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What can we learn about God from nature?

Posted By Randall D. Isaac, Friday, June 3, 2016

While the two-book model helps us understand how the two very different types of revelation of God are related to each other, there remains the long-standing question of whether a study of nature can reveal something to us about God that is not known through revelation. About 35 years ago, while teaching a Sunday School class about science and faith, I asked this question about what we could learn about God from nature. I expected answers that would support my perspective of the consistency and faithfulness of God through the trustworthiness of the laws of nature. Instead, the first hand that went up from an eager young man brought his observation that we learn that God is unpredictable. I stammered a bit but of course a teacher is always supposed to say something positive about comments from a student. It threw me off a bit but I recovered though I never forgot that response. It was burned in my memory when a few months later this young man committed suicide, jumping from the top of a cathedral in Waterbury, CT. It turns out he had schizophrenia. I was stunned. It indicated to me that we see characteristics of God in nature that reflect what we feel inside or that we have learned elsewhere.

Is there anything we can learn about God from the book of God's works that we do not first learn from his book of words? Should we be able to?

What do you make of Neal deGrasse Tyson's comments in the attached 88 second video clip? If I didn't attach it correctly, you can find it here:

Essentially, he says he is agnostic about the existence of God but seems to say that he does not see benevolence in nature, implying that if there is a Creator, that Creator might not be benevolent either. What do you make of it? I would think that we can see any attribute in nature that we want, simply by choosing what phenomena we wish to study. In other words, we only find what we want to find. Maybe we can't learn anything about God from nature unless we already know it.

Tags:  natural theology 

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David E. Singer says...
Posted Saturday, June 4, 2016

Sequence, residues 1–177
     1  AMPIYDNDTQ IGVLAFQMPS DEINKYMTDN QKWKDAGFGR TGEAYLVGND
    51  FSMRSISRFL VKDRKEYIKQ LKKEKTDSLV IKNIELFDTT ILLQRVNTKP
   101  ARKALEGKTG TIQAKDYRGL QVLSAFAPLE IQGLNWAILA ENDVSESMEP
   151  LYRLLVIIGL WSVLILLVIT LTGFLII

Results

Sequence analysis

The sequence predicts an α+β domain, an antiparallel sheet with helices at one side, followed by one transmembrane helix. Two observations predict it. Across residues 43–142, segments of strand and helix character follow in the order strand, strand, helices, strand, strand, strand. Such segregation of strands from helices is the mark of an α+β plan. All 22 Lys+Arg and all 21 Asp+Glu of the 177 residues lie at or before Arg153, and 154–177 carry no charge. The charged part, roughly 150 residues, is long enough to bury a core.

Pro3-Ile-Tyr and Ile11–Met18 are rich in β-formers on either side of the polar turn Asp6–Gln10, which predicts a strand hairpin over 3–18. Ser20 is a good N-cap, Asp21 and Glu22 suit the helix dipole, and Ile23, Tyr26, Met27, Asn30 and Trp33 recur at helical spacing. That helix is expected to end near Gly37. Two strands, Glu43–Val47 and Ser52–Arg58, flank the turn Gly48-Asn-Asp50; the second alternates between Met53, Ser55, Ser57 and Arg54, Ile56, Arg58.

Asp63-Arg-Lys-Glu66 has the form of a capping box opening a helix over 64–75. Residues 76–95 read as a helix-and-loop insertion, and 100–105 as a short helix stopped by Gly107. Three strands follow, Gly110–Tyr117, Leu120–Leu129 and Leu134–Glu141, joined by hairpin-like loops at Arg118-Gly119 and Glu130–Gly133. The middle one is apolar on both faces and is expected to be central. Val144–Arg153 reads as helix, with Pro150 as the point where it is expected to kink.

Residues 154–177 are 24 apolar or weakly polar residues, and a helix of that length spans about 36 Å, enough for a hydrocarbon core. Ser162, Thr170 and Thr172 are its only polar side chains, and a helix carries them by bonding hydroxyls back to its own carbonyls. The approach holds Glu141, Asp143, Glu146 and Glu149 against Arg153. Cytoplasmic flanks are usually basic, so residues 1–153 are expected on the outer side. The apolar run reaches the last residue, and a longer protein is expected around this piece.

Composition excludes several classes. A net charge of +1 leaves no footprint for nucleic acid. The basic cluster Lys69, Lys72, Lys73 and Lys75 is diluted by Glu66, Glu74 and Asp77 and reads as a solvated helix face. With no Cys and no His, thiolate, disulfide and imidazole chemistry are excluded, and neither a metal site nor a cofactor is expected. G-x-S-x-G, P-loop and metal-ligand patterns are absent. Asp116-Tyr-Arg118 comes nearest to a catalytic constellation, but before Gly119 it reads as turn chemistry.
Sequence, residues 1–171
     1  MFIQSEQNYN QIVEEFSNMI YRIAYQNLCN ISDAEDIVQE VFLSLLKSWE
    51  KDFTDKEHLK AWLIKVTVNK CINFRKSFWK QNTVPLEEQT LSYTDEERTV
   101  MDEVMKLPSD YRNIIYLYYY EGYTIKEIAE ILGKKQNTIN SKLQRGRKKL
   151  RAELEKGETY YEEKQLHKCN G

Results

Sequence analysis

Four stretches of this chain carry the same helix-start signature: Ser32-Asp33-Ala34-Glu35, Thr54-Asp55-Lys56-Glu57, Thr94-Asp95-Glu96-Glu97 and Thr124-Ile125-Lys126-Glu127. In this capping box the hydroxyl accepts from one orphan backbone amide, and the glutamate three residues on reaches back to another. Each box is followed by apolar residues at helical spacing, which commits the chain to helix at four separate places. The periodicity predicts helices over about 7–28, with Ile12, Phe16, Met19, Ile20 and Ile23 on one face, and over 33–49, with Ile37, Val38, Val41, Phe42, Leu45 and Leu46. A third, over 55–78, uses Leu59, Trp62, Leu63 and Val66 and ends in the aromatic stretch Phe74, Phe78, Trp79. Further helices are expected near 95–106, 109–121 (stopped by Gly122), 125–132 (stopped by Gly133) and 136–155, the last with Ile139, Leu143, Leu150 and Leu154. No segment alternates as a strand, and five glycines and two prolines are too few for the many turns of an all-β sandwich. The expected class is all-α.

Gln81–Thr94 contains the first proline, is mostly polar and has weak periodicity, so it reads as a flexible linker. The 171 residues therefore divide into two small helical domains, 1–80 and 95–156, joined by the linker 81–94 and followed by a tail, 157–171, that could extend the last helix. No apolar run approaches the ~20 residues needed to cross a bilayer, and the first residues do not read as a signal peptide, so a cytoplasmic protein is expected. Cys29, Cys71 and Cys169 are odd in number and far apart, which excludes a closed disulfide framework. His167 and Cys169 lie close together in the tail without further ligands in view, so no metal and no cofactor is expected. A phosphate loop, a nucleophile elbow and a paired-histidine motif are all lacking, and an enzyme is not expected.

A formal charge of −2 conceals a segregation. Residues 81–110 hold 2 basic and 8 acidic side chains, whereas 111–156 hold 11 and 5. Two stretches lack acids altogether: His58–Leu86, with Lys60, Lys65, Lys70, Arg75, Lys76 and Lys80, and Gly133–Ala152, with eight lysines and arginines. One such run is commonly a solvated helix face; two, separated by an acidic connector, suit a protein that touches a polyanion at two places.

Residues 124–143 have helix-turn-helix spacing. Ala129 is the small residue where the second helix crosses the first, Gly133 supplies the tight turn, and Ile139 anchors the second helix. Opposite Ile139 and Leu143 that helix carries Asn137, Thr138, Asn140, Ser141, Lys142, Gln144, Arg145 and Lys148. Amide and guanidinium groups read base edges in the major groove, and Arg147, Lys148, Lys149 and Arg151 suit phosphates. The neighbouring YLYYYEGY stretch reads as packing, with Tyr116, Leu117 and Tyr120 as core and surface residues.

What I take from God’s book of Words is that His Holy Spirit can communicate to us from either book, as He chooses. We are also cautioned to be looking and listening; God’s message is for those who have ears to hear and eyes to see. Your example of the student’s unexpected response to what nature tells him about God serves as a good illustration. Given his frame of mind, the student saw randomness (chance) as a prevailing quality. Randomness is certainly one pervasive aspect of nature. However, reading the Psalmist may have lead him to see, instead, God’s steadfastness and reliability as paramount. Tyson’s doesn’t see nature as benevolent whereas some might see the Grizzly’s care for her cub, or the Good Samaritan’s care for the victimized stranger, or Merkel’s welcoming of refugees as model’s of benevolence, even in the context of suffering.

You ask, can we learn anything from God’s book of works that we do not first learn from his book of words? Well, if we learn of God, we’ve already made an assumption. Tyson takes the cheater’s way out; he doesn’t deny the existence of God outright, he says we can’t prove God’s existence one way or the other, and I think that’s right. But once you “see” God and look for His handiwork, it’s difficult to not see Him at work everywhere. I think it was Francis Collins who first saw God in nature and then turned to Scripture to understand more about what he “saw.” Both the Psalmist and the Apostle Paul say nature testifies to God’s character. It’s like asking what came first, the chicken or the egg?

So Randy, I agree that we only find what we want to find. Perhaps we don’t learn anything new from nature—but we certainly can be awed in new contexts and wonder at the ingenuity and beauty of God’s creation. As a believer, I’m already blinded by God’s presence. I can’t not see Him everywhere.
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Sara J. Miles says...
Posted Saturday, June 4, 2016
In my paper on "Asa Gray and Charles Darwin Discuss Teleology and Design," I point out that the reason Gray saw evolution as being teleological and Darwin couldn't was that Gray started FROM faith and saw evidences of God and Darwin was trying to start from nature/evolution and see God. David's comment is correct, I believe, that we learn of God if we've already made an assumption.

What I think we can learn about God from nature are examples of characteristics spoken of in Scripture in generalities or abstractions. God is creative. From nature we begin to see the vastness of that creativity. God is powerful. As we begin to understand the hugeness of our universe, we understand more concretely what that power must be like. God is wise. As we learn more and more about how supposedly unrelated and far-distant items are really connected, we understand more how God's creative and powerful acts of creation required a mind totally different from ours. And that learning leads us to worship with a greater sense of awe and a better sense of who God is and what God is like.
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